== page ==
# Measure Athlete Angles in Olympic Sports

Gymnasts use angles to analyze and enhance their performance. This sports STEM activity challenges kids to measure athlete angles in Olympic Sports.

Practice geometry skills while celebrating summer sports with this Gymnastics geometry activity that teaches right, acute, and obtuse angles by identifying them in pictures of athletes competing in Summer Olympics sports.

## Common Core School Standards Math

This activity supports the following CCSS math standards.

CCSS4.G.A.2 – Classify two-dimensional figures based on the presence or absence of parallel or perpendicular lines, or the presence or absence of angles of a specified size. Recognize right triangles as a category, and identify right triangles.

CCSS4.MD.C.5 – Recognize angles as geometric shapes that are formed wherever two rays share a common endpoint, and understand concepts of angle measurement.

CCSS4.MD.C.6 – Measure angles in whole-number degrees using a protractor. Sketch angles of specified measure.

## What is an angle?

When two lines intersect at a point, they form an angle. The point where the lines meet is called the vertex. The size of an angle is found by measuring the amount of turn from one arm of the angle to the other arm.

## Types of Angles

Angles are classified according to their size.

An acute angle is greater than 0 degrees and less than 90 degrees.

A right angle is equal to exactly 90 degrees. A right angle is in the shape of a perfect corner like the corner of a piece of printer paper.

An obtuse angle is greater than 90 degrees and less than 180 degrees.

A straight angle equals exactly 180 degrees.

A reflex angle is an angle that is greater than 180 degrees and less than 360 degrees.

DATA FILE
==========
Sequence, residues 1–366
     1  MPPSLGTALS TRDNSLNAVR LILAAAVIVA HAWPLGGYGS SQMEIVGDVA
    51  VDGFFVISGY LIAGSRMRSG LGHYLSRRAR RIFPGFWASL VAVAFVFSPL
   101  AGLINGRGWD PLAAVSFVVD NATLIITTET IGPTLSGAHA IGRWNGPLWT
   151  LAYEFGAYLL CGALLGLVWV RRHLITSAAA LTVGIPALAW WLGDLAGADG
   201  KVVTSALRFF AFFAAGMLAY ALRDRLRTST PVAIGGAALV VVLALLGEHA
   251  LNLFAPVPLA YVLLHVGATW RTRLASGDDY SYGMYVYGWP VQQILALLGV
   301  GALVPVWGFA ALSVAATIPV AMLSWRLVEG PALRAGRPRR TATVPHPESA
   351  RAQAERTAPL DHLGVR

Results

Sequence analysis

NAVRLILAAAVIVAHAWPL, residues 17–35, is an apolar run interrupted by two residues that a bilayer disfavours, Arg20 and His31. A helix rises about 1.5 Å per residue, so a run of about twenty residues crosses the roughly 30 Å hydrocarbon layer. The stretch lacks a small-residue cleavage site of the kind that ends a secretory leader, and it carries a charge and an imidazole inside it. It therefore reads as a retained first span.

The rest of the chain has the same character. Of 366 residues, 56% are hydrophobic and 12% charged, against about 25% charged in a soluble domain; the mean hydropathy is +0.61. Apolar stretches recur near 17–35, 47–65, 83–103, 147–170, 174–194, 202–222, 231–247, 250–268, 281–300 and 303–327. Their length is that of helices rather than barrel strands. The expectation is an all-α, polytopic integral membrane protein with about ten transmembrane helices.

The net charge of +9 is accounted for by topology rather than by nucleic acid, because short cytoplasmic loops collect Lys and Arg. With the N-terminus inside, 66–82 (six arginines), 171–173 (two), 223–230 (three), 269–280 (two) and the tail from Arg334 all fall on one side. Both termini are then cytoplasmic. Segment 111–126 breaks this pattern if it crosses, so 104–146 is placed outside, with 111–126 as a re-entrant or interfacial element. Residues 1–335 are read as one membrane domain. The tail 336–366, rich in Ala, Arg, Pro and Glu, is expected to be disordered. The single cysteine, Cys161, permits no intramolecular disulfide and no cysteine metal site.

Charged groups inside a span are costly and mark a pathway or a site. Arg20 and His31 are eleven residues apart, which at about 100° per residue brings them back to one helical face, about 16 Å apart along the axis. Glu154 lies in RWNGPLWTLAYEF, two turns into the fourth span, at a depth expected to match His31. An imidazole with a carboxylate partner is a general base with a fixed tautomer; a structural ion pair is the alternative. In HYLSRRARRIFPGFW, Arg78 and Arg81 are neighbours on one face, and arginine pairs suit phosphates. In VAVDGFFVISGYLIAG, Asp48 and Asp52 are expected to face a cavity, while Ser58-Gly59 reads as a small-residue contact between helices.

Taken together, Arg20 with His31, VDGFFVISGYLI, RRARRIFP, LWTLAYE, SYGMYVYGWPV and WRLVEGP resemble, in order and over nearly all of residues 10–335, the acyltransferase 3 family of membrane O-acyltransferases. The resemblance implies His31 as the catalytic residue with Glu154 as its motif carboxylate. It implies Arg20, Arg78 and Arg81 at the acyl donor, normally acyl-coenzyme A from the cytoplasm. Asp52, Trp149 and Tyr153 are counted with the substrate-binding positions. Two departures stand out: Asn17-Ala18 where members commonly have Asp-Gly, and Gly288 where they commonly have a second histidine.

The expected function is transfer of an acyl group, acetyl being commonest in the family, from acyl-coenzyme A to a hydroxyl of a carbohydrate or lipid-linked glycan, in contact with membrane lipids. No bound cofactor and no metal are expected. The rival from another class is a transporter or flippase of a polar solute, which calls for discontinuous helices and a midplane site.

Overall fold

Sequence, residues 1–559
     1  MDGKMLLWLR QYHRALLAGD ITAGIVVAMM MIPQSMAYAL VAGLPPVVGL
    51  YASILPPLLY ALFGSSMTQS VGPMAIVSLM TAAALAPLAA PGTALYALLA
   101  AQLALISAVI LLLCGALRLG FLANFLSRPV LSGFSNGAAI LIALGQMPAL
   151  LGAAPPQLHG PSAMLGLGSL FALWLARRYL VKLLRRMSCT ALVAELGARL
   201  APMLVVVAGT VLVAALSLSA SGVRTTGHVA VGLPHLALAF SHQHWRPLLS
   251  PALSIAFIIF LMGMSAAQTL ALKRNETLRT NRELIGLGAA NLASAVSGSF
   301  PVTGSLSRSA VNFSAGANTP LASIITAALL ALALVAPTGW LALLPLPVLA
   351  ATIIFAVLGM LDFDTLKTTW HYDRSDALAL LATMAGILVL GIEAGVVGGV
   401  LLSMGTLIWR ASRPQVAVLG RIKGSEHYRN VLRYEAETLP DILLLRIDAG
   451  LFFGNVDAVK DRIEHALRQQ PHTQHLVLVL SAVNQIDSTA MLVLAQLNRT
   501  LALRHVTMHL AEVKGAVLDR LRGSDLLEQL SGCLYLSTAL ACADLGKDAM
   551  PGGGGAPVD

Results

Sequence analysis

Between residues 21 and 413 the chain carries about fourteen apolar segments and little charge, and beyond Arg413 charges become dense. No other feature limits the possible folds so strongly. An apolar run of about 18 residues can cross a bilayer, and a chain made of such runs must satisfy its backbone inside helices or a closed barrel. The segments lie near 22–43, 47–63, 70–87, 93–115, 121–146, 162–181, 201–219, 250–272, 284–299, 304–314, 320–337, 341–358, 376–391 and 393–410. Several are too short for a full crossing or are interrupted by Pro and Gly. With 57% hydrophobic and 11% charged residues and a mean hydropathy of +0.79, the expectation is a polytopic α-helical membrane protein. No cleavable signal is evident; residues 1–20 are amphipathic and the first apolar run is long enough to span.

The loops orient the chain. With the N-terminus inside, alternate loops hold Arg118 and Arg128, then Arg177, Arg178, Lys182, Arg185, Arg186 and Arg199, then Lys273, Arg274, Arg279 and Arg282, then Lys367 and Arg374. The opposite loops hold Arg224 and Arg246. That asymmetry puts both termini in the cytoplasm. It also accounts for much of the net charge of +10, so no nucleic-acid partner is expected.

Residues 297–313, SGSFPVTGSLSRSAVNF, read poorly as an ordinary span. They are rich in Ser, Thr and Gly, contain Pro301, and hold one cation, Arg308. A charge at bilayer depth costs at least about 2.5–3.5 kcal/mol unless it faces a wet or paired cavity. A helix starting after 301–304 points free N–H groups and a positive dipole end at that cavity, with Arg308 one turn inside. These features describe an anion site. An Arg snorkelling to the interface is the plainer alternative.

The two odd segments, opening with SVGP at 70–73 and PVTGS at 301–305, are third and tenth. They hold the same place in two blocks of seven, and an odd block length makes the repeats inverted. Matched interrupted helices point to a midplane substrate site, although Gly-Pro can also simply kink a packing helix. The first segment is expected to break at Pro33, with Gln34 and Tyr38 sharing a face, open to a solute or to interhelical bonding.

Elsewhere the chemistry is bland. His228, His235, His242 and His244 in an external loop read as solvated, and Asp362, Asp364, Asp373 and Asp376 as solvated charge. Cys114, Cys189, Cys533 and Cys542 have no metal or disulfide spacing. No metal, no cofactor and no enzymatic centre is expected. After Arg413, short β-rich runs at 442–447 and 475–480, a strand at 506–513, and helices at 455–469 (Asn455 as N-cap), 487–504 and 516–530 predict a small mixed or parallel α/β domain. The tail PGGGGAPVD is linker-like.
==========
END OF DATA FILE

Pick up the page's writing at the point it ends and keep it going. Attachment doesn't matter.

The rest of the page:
A perigon or a revolution is an angle that equals 360 degrees.

### Complementary Angles

Complementary angles are two angles with a sum of 90°. Together the two angles form a right angle.

### Supplementary Angles

Supplementary angles are two angles with a sum of 180°. Together the two angles form a straight line (or straight angle).

## Measuring Angles

Angles are measure in degrees. A protractor is a mathematics tool that measures how many degrees an angle is. To use a protractor, line up the dot on the center of the bottom of the protractor with the vertex (intersecting point) of the angle.

Make sure that the 0° mark lines up with one arm of the angle and then read the protractor to see where the other arm of the angle lines up.

## Athlete Angles Geometry Activity

This activity is designed to reinforce the concept of measuring different types of angles and recognizing how those angles are used in different Summer sports.

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### Athlete Angles Worksheet Directions

Use a protractor to measure the angles. Write the type of angle and measurement for each athlete in the table on the worksheet. If you do not have a protractor, there is a printable protractor on the last page of the the free Athlete Angles workbook.

### You’ll need the following materials:

• Ruler
• Protractor
• Athlete Angles Worksheets (grab these for free at the end of this post!)

## How do Angles affect Javelin Throws?

The distance that a javelin travels depends on the speed that the javelin is thrown at, the angle of release, the height that the javelin is released from the ground, and the acceleration due to gravity.

For more Javelin throw angles, you can measure the angle of release to determine whether the athlete is in position for an optimal javelin throw with this Summer Olympics optimal throw javelin analysis activity.

## What types of angles are used in Gymnastics?

How do gymnasts like Simone Biles use angles to better their performance? They have coaches and experts who identify the best position for their body to be in to learn how to land new flips, twists, and more!

Angles are used a lot in gymnastics for moves like handstands, aerial flips, and flips. A perfect handstand is actually a 180° angle! An example of an obtuse angle is an aerial.

## Olympic Games Activities for Kids

Find more hands-on learning activities that are perfect for learning about the Olympics!

## Meet Toni, the Maker Mom behind Our Family Code

Hey there, I’m Toni! I’m a software engineer and Maker Mom that finds my joy in unleashing my children’s curiosity by exploring STEAM concepts with my fantastic five!

When I’m not chasing toddlers or raising tweens, you can find me tearing things up and putting them back together over here at Our Family Code.

I am the owner and content creator of multiple educational websites designed to increase access to STEAM & STEM education with a focus on teaching computer science and coding to kids of all ages!

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